AUDIOLAB: NAD, Audiolab, TDL RTL2 speakers Heybrook HB1s and other vintage kit

I have recently upgraded my hi-fi in a couple of ways and these changes have made me rethink my strategy for putting together a set of equipment on a relatively tight budget.

Firstly, I had been using an NAD C320BEE as a pre-amp with an Arcam P75 power amp. I decided to upgrade these in two steps. First I would get an Audiolab 8000S and use it for a while as an integrated until I could afford to get a suitable power amp to use with it. Selling the NAD and Arcam would fund the purchase of the 8000S (available in silver at a bargain price recently). However, when I got the Audiolab amplifier I was completely blown away by it. It was so much better than my previous set up, that I’ve now decided not to bother with the separate power amp. I now realise that on my limited budget I am far better off getting a good integrated amplifier than a pair of OK pre/power amplifiers.

That changed my focus to my speakers: a pair of TDL RTL2s that I have had from new since the mid-nineties. I wasn’t sure which way to go with new speakers. I had found a number of your recent articles comparing bookshelf and floorstanding 'speakers very interesting. After my experience with my amplifier, I wondered if I would be better off buying small, good quality speakers (Usher S 520 for example) rather than OK large speakers. However, I wasn’t sure how much I could live without the bass that my floorstanders produced.

So I decided to experiment. I managed to buy a pair of Heybrook HB1s for five pounds on e-bay (I’ve had a soft spot for Heybrook since having a pair Solos in my student years). They didn’t sound too great, but I was able to source a pair of replacement bass/mid-range drive units from Pure Sound (£65 each), and it was an easy job to fit the new drivers. I thought they’d just give me an interesting comparison with my TDLs that would help me better choose my next speakers. What I wasn’t expecting was just how much better the Heybrooks would sound compared to the TDLs.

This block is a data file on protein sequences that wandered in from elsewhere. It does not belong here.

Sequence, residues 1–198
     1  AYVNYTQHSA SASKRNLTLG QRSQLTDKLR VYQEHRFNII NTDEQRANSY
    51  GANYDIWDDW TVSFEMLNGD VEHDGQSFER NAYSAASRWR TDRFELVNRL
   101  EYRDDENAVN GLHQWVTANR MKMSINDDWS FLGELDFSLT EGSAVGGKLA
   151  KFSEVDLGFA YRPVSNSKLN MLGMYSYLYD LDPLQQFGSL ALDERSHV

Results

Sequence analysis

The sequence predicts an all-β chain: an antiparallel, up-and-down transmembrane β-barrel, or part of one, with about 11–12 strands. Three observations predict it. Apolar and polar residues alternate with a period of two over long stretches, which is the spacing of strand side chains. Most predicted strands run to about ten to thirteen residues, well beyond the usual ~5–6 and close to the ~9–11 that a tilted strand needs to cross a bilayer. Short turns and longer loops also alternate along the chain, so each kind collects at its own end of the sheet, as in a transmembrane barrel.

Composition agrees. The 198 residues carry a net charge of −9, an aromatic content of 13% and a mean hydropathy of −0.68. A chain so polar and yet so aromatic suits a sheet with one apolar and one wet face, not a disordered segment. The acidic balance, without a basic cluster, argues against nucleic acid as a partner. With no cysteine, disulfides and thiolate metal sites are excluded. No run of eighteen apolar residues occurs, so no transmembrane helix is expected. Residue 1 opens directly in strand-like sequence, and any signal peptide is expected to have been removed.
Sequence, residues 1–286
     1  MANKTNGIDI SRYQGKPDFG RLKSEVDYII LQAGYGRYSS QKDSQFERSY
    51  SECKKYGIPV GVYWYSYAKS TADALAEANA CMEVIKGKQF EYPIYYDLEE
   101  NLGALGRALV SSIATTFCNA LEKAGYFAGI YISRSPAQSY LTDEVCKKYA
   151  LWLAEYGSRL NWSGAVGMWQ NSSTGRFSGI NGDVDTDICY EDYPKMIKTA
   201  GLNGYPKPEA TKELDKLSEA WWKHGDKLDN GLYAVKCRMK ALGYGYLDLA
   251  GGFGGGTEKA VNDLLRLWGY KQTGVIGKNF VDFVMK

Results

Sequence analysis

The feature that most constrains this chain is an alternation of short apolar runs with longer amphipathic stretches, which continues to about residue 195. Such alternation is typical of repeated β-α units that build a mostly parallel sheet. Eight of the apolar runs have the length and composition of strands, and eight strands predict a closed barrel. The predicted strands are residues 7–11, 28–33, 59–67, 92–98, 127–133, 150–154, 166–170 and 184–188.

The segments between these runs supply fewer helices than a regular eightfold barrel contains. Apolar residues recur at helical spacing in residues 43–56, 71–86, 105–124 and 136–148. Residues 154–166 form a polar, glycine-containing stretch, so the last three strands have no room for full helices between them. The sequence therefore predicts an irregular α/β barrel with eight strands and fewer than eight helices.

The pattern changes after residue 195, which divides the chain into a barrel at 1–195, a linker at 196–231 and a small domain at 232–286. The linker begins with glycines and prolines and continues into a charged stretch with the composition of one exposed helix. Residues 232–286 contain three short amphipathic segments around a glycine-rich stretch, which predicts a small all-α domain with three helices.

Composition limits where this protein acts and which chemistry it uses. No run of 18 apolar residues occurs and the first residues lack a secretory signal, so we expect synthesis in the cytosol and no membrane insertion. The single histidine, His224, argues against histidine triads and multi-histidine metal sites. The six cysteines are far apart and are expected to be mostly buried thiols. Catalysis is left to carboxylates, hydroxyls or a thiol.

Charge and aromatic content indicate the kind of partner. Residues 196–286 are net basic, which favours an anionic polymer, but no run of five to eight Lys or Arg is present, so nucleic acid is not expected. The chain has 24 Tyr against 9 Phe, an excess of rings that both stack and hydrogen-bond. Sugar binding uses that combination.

The detail in the mid and high frequencies is just brilliant. Yes, they don’t go down as low as the TDLs, but I’m finding I’m not missing the lowest frequencies. Since getting the Heybrooks up and running at their best, I haven’t had the TDLs plugged in. I am a new convert to the pleasures of listening to good stand mounted 'speakers.

So now I am turning my attentions to my turntable. However, with this I am not sure where to spend my cash, and was hoping that you could point me in the right direction. I have a Linn Axis deck with Basik Plus arm (the straight one with the removable head shell), Goldring 1042 cartridge and a Graham Slee 1 phono amp.

I have a budget of around £200-300. For this, I could replace the arm (second hand Linn Akito for example or would a Jelco SA-250ST be worth considering), the cartridge (would I get much improvement from a moving coil with the Axis/Basik setup?), or I could get a better phono amp (a pre-owned Graham Slee 2 SE looks very attractive). Which option would you choose? Or should I save my money until I can afford to buy a better turntable? Any advice would be gratefully received.

That you like your freshly renovated Heybrook HB1s doesn't surprise me one iota. They are a classic Peter Comeau design and are very musically engaging and crisp to listen to. Allied to your Audiolab 8000S, which is a fine budget amp in its latest form, and your Linn LP12, I imagine it's already a strong sounding system. I would be tempted to replace the phono stage first, and there are a number of different routes you could take.

For example, if you find the system just a little too 'spry, crisp and dry', an Icon Audio's tube phono stage would be a great thing to save for, and not so far out of your budget if you sell your current stage. Alternatively I'd counsel an ANT Audio Kora 3T SE, which would also add depth and space, and a touch more tonal warmth compared to your existing stage, but have a tighter, tauter bass than the valve phono stage. My personal preference would be for an LFD Audio LE phono stage but I've never seen one pre-owned for sale.

Don't mess around with your arm at this point; the Akito would be a good upgrade but it's hard to be sure you're spending your money on a good one, given that most are well over a decade old. Just tighten up your cartridge mounting bolts as much as you can and clean all your contacts with Kontak.